A beginner’s guide to growing lavender seeds

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Interested in growing lavender seeds? These tips will help you get started.


Guest post by Krystal Slaughter of Three Wondrous Acres Homestead.

Photo by Krystal Slaughter
Photo by Krystal Slaughter

When I started a pot of lavender seeds for the first time, I didn’t realize what kind of time-consuming, challenging, and seemingly impossible journey I was embarking on. 

….And no, those seeds never sprouted.

Instead, I found myself questioning everything, from the seeds to the soil.

Were the seeds old?

Was the soil contaminated?

Did the seeds dry out?

Did I plant them too deeply?

I even contacted the company in fear that the seed was of poor quality. They kindly sent more than double what I purchased as replacements, which I continued my experimenting with. For over a year, my lavender seeds withstood plenty of trial and error, as I navigated the world of lavender growing with very little guidance. 

There simply wasn’t a whole lot of help to be found online, either — and by help, I mean an experienced individual sharing his or her own story. 


Today, I’m sharing a short overview of my tips and tricks which are further explained and broken down in my journey post on my blog.

Without further ado, let’s get our hands dirty and get those lavender gardens started!

Start Seeds in Bags, Not Pots

Photo by Krystal Slaughter
Photo by Krystal Slaughter

Rather than placing your seeds in pots of soil, go with the baggy method. Don’t even use a paper towel, either. Paper towels simply encourage fungal growth and it can be hard to find or remove the tender roots when it’s time to plant. Instead, place the seeds in a bag (after a stratification period, I cover this in the link above) with a tablespoon of water, and squeeze all of the air out.

You’ll be able to monitor germination and provide them with plenty of light while avoiding planting them too deeply. This saves a lot of space, too. Lavender seedlings are incredibly easy to transplant and have (so far) been some of the most resilient seedlings that I’ve dealt with- I only recommend waiting until the first two leaves are open for 24 hours before removing them from the bag. They seem to be much more tender during germination, so allow this process to be completed before moving them.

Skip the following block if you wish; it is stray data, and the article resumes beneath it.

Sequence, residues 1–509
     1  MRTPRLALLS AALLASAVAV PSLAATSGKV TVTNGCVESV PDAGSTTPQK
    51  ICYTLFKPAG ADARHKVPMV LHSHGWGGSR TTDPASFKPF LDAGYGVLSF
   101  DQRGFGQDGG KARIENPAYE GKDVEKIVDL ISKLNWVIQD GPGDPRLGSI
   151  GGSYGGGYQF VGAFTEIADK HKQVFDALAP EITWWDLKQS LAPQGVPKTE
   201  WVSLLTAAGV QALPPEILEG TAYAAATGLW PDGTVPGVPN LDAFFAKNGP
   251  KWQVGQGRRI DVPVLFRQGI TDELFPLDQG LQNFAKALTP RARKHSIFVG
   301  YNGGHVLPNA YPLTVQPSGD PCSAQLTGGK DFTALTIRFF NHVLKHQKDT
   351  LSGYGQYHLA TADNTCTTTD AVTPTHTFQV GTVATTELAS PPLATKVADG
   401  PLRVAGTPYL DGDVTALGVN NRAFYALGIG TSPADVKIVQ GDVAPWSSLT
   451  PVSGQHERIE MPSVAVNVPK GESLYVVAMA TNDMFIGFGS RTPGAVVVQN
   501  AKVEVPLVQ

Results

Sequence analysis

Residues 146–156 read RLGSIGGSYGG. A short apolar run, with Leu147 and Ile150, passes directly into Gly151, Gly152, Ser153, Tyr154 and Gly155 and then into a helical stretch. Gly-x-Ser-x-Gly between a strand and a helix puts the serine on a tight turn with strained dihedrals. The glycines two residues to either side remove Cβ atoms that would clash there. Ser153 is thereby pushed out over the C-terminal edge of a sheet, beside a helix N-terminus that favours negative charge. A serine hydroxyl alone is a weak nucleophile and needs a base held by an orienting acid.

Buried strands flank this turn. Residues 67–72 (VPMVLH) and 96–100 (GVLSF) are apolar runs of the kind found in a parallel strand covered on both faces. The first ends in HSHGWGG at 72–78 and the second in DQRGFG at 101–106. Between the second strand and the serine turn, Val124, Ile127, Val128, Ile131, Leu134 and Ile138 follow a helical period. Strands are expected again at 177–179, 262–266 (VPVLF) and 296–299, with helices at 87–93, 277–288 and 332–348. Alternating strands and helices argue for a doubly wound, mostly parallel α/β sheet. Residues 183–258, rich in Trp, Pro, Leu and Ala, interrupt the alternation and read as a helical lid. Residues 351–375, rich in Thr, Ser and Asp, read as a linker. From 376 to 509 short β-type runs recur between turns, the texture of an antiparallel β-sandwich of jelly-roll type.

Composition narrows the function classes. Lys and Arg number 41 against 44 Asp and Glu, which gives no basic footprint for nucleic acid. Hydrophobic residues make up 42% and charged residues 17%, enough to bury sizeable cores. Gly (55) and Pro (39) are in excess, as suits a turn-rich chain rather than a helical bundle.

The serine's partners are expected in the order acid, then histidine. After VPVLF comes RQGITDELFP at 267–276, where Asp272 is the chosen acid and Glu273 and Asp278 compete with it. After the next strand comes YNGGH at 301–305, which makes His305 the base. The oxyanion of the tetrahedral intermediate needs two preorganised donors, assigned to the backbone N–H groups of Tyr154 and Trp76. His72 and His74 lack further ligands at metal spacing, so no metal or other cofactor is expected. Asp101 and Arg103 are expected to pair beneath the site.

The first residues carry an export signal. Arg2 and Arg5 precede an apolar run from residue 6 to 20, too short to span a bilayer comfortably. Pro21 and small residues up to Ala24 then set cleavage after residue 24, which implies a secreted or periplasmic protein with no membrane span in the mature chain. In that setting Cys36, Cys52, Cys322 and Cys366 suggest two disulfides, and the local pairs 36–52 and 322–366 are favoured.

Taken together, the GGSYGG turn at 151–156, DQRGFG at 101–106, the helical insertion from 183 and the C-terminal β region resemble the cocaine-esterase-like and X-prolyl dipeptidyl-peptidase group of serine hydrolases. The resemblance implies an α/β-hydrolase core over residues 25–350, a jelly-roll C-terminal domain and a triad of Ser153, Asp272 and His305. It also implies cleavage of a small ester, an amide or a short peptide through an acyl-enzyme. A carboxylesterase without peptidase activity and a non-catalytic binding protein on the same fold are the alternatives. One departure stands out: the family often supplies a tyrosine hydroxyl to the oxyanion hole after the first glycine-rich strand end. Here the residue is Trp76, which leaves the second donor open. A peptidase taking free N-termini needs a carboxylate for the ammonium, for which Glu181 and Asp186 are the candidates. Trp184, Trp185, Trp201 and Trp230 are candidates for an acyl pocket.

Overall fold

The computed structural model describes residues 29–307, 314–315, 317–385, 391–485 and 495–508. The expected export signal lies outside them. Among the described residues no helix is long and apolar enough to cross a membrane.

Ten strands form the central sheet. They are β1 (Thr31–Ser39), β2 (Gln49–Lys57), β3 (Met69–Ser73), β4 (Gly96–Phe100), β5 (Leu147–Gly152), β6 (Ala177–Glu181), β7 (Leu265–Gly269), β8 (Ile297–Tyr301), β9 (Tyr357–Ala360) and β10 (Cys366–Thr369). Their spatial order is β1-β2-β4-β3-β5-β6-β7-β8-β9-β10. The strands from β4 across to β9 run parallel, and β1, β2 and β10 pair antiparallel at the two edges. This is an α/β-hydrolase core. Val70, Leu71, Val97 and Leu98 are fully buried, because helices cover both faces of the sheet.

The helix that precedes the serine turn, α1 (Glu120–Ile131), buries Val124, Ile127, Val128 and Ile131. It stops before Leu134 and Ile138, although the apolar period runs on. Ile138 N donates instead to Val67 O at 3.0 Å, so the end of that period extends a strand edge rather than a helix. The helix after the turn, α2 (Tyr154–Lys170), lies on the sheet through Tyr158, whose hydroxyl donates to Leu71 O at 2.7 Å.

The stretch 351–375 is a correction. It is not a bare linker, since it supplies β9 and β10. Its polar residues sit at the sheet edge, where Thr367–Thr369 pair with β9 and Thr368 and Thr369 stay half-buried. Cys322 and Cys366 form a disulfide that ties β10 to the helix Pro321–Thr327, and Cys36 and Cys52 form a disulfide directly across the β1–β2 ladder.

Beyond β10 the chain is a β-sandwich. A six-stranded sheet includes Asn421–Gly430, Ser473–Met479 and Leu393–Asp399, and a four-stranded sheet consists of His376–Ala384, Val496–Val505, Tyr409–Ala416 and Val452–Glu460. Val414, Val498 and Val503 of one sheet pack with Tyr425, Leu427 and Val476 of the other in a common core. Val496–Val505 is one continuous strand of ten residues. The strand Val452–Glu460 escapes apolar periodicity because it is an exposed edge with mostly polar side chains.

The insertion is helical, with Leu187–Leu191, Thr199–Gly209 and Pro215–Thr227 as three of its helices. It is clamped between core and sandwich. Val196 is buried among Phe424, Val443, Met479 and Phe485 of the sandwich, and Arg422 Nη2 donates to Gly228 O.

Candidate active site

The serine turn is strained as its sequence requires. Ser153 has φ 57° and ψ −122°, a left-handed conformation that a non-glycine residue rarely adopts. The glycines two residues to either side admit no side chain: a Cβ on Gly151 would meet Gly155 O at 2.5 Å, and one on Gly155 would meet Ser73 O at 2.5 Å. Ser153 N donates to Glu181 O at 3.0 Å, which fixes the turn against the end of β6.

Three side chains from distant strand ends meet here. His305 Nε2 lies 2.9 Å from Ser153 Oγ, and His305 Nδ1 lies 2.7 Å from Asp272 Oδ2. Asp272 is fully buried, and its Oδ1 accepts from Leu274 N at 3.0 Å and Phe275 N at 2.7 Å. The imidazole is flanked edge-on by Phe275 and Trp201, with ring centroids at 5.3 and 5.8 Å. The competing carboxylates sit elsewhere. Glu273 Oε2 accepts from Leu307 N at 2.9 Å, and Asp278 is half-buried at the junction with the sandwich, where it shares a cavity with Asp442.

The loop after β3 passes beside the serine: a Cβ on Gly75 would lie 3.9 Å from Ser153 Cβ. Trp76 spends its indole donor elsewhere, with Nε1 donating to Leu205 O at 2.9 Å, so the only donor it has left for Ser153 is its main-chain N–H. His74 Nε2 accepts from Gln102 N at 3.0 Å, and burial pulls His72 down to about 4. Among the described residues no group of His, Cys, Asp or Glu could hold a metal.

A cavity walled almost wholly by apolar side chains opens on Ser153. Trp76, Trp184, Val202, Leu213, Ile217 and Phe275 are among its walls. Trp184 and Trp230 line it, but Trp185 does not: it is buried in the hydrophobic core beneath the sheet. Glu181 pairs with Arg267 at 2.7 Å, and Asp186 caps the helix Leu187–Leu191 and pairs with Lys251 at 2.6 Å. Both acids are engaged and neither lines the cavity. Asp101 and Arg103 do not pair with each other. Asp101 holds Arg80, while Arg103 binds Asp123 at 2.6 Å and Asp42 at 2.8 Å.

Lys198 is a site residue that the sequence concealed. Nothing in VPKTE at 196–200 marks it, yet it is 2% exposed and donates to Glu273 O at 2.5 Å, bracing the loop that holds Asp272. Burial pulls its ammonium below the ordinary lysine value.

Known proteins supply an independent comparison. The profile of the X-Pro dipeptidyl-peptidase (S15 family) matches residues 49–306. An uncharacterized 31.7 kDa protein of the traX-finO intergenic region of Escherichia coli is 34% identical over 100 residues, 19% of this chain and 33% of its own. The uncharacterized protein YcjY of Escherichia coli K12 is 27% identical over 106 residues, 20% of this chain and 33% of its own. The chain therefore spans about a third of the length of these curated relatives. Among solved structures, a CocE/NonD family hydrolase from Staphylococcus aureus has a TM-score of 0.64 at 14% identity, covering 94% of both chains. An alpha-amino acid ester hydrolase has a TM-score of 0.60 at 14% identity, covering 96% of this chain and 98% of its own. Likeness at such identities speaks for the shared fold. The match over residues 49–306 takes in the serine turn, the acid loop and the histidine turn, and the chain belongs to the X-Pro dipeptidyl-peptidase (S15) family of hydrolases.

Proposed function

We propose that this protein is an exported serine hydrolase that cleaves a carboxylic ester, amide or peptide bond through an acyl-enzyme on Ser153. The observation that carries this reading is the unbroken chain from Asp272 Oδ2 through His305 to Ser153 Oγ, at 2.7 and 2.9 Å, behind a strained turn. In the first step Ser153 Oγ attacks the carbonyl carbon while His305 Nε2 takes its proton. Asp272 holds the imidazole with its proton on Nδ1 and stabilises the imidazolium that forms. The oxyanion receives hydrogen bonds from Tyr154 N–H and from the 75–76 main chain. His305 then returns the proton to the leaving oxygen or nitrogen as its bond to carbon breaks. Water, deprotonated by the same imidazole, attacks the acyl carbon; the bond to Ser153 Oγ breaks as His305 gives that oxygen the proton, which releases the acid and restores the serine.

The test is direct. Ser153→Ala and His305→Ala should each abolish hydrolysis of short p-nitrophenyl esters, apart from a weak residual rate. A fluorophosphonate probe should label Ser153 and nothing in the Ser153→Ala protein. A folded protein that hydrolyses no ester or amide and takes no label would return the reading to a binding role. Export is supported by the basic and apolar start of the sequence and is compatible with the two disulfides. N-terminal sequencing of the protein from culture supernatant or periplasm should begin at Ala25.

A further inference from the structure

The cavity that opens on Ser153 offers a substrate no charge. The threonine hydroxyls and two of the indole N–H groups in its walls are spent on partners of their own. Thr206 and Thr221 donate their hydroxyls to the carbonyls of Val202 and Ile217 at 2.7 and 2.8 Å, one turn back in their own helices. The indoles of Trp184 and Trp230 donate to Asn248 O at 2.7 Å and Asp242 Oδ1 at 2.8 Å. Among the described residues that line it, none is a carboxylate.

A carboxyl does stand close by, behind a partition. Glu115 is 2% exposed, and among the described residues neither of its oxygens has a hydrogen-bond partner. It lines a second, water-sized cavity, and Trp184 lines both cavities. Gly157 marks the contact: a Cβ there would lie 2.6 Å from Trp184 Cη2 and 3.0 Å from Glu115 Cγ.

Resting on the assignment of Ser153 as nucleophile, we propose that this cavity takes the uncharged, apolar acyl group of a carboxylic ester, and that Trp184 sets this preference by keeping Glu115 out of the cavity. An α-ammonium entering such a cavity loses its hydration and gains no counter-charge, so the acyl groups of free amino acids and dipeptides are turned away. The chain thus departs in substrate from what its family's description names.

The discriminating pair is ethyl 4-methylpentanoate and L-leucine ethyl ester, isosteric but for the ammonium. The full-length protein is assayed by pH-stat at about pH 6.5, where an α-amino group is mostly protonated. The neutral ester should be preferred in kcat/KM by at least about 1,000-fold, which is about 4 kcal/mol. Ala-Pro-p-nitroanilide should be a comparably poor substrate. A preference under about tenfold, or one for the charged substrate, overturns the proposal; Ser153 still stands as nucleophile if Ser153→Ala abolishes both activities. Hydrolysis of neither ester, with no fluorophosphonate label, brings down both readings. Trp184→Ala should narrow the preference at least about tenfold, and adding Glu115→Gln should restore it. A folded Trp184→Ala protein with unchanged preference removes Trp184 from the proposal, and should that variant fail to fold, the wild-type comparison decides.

Offer Your Seeds Adequate Light

Photo by Krystal Slaughter
Photo by Krystal Slaughter

Your lavender seeds will require light while sprouting, preferably via sunlight or grow light. I had a low germination rate along the journey until I tossed the bag of seeds under one of my seedling lights. I placed them in a window, as well, but the lighting over the seedlings was more intense than the north-facing window. Once I moved them, I saw an explosion in germination. This could have been a coincidence (I may have moved them from the window just as the bulk of the viable seeds began to germinate), but I do believe the seedling light helped.

Give Seeds Heat

Photo by Krystal Slaughter
Photo by Krystal Slaughter

I truly believe these seeds require cooling and heating to germinate properly. If you have a window that is sunny and warm during the day but nice and cool/cold at night, that will work. I placed my bag of seeds under a radiator heater at night (it was the dead of winter), and left them in the window or under the grow light during the day. The heat tells the seeds that spring is coming, and that it’s time to wake up! Of course, you want to simulate winter before spring, so be sure that they’ve been stratified for a few weeks. I stratify any and all seeds that are stubborn or slow to germinate.